When we think of data centers these days they are actually trending toward two poles: becoming bigger and smaller.
At one end of the spectrum, edge data centers offer businesses hyper-local storage and processing capacity at the edge of networks. In this camp, data centers the size of shipping containers are being plopped at the base of cell towers. On the other end of the spectrum, there are mega data centers. These are the very large data centers that occupy about 1 million square feet or more of space.
For the purpose of this column however let’s take a deeper dive and examine data-center security—in both physical and digital and why it’s so vital to prioritize security—whether they’re large, small, or somewhere in between.
The “SWISS FORT KNOX:” what we can learn from it? The SWISS FORT KNOX is a data center that’s actually beneath the Swiss Alps. It’s literally under mountains. It’s connected by a series of tunnels that require clearance to enter.
It has emergency backup generators, transformers, and batteries, as well as an air-pressure system and many other cool fail-safe measures to keep this thing safe from whatever may be going on in the outside world.
And while it’s not reasonable for most companies to create subterranean super-secret lairs as data centers, for the purpose of this column, it’s important to talk about just how important data-center security is, and how different companies go about doing it.
The SWISS FORT KNOX may be an extreme example of a data center, but it is relatively common for companies to go to great lengths to secure their facilities.
A lot of thought needs to go into choosing a location for a data center, designing its physical structure, and then securing its digital systems. When talking about location, some organizations try to keep their data center locations secret.
Some best practices for building secure data centers include making sure the data center is not next to a headquarters or a main road; choosing a spot away from airports, power plants, and other potentially dangerous facilities; and avoiding geographic areas that are prone to natural disasters.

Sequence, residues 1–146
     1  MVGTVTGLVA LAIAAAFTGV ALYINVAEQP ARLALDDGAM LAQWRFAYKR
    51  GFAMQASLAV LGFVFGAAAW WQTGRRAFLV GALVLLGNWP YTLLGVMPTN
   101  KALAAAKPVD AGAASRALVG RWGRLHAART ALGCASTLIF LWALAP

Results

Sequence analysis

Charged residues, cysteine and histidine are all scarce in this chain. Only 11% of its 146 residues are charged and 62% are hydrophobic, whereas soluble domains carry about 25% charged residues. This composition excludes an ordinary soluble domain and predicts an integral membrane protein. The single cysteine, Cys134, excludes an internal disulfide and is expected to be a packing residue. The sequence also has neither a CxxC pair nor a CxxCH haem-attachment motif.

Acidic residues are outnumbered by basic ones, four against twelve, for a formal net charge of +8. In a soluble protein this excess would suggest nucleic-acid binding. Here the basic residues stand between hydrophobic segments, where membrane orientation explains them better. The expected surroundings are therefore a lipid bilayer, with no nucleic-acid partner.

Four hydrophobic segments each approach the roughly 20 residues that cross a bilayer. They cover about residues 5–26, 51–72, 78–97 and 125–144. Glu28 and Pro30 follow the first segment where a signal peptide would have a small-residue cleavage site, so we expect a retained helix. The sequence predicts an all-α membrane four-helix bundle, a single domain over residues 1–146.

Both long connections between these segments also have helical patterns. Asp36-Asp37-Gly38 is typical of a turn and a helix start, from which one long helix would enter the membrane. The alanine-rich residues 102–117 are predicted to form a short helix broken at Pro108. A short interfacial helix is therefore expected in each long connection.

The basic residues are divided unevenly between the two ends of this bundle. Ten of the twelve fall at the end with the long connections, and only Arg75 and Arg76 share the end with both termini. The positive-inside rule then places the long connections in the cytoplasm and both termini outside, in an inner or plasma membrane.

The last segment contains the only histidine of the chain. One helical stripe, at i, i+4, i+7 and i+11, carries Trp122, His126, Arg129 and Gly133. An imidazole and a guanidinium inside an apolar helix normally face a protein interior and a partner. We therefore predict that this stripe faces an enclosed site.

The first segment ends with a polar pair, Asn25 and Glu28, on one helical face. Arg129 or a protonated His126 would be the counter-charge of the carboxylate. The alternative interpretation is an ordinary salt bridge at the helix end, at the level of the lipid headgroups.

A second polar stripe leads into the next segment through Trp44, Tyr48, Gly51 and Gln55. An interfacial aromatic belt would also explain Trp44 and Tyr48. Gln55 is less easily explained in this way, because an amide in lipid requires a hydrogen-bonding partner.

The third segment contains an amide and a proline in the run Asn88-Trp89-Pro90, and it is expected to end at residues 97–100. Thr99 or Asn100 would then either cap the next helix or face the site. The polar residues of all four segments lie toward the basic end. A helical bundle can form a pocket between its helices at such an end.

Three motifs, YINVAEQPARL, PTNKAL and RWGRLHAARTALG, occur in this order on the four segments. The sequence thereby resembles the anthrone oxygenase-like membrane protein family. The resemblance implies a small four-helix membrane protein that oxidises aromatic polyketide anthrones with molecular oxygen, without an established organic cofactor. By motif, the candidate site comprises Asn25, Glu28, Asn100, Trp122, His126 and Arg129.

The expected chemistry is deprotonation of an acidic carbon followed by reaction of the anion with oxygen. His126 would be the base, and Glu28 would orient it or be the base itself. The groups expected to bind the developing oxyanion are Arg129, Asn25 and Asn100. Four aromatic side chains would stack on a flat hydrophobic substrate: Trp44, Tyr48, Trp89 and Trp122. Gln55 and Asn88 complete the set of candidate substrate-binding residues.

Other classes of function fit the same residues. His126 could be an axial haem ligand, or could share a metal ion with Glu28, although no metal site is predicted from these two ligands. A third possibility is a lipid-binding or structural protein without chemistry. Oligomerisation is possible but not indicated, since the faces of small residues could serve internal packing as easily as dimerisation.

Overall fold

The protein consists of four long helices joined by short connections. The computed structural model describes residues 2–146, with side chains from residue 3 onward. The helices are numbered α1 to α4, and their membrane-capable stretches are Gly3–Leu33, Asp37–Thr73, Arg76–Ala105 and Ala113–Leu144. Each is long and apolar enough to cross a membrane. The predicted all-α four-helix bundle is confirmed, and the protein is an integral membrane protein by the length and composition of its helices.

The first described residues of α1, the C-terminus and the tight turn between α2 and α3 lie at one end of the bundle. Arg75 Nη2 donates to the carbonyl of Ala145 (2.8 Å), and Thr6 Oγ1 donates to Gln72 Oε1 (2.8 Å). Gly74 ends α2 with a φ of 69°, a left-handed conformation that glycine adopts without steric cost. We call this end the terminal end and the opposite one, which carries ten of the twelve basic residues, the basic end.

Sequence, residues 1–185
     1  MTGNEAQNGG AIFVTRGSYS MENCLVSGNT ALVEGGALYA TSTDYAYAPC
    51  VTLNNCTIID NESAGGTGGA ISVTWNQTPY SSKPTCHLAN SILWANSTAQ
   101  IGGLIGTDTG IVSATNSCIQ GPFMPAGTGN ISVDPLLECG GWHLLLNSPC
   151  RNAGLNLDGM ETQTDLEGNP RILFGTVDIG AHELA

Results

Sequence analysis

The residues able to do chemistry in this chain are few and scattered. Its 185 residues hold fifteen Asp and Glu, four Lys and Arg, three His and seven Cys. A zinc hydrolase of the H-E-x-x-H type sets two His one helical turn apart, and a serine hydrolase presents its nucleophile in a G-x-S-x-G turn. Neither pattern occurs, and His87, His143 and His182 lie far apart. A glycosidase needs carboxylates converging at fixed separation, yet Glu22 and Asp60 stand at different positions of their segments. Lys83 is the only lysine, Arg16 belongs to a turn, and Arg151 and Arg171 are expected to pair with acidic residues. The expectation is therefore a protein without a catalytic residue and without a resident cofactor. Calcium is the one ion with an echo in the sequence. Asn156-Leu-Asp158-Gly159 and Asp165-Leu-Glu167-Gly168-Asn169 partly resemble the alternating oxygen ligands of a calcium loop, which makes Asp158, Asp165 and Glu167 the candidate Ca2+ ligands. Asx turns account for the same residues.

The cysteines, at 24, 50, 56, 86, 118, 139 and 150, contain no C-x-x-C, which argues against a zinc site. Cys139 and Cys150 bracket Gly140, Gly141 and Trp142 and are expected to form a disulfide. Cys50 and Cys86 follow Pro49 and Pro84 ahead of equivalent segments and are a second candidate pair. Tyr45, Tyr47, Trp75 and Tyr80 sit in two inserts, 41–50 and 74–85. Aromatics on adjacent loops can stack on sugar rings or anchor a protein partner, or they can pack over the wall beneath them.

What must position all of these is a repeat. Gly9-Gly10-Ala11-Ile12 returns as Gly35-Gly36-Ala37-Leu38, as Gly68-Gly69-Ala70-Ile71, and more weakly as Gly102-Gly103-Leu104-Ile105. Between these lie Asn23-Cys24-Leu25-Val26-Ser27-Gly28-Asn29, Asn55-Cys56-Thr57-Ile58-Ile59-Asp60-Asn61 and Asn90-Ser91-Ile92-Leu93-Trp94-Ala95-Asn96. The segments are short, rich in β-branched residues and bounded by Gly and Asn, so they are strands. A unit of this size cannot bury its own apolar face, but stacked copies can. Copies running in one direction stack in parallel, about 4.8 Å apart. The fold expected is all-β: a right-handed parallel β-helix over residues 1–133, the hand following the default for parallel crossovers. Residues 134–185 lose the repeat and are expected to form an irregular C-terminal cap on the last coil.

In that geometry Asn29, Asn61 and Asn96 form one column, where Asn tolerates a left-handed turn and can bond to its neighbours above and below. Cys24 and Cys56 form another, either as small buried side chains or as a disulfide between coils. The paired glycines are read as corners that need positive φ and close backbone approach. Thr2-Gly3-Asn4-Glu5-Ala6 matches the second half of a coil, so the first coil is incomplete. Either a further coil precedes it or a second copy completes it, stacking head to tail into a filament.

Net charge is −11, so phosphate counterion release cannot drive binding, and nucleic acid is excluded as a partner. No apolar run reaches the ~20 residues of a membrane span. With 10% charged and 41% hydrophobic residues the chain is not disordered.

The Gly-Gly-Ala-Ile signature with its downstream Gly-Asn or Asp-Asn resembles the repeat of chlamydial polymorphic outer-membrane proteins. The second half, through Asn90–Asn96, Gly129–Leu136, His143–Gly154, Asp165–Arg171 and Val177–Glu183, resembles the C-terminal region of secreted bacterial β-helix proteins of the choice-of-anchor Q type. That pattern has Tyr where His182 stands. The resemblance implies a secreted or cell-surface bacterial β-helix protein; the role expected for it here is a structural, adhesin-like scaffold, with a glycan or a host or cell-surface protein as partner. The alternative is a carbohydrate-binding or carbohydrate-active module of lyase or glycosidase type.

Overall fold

There’s also a lot of common sense that goes into protecting your facility once you’ve selected a location.
Build fences, plant tall trees, don’t put in windows, build thick sturdy walls, and hire security guards. It is advisable to limit entry points and use a smart security system, perhaps leveraging biometric identifiers to provide access to authorized parties. In addition, data-center infrastructure also needs to be secured.
Everyone recalls the Target breach that was traced back to an HVAC (heating, ventilation, and air conditioning) vendor. Any connected system is a potential entry point for cybercriminals looking to access data for their personal gain.
Your digital and physical security are only as good as the weakest link in the chain. So, if security on your rack power distribution unit system isn’t up to snuff, then your entire data center’s security isn’t up to snuff.
Also consider how important maintaining an ideal physical environment is in a data center. If someone can hack into your cooling system and it goes down, you’re not necessarily losing data, but you’re still in trouble.
It’s also important to consider some best practices for digital security in data centers. The zero-trust model is perhaps the best way to go in this case since it inherently treats everything suspiciously and from an enterprise perspective that’s exactly what’s needed.
In addition, as a company, it might be advisable to build in layers of security and redundancies to keep your data center secure. The physical security of the data center building or buildings is one layer, and we’ve already talked about that. Personnel can be considered a layer as well.
It may sound a little bit obvious, but don’t put people you can’t trust in your data center.
This is not to suggest you shouldn’t trust your employees, although you should be cognizant of the risk of internal breaches, everyone is vulnerable to breaches; Just keep in mind this just puts an extra layer of security where it’s needed.
Again, the point here is that you need to train and educate your employees about the importance of being careful, diligent, and safe. Also, then another layer is the security of the network, the software, and all connected devices and systems that work together to keep the data center up and running.
The name of the game is to use an intrusion detection and prevention system that checks for APT’s (advanced persistent threats) and any other unusual events.
What’s more, make sure to deploy a secure building management system that’s segmented from the main network.
A few final thoughts might be to look into network-level encryption, network segmentation, virtual firewalls, and other solutions and technologies that can help protect your data center from threats.
The hope here is that all of the aforementioned will help keep all of your data centers up and running and free from a data breach and running as smoothly as possible in this day and age when data breaches are at an all-time high.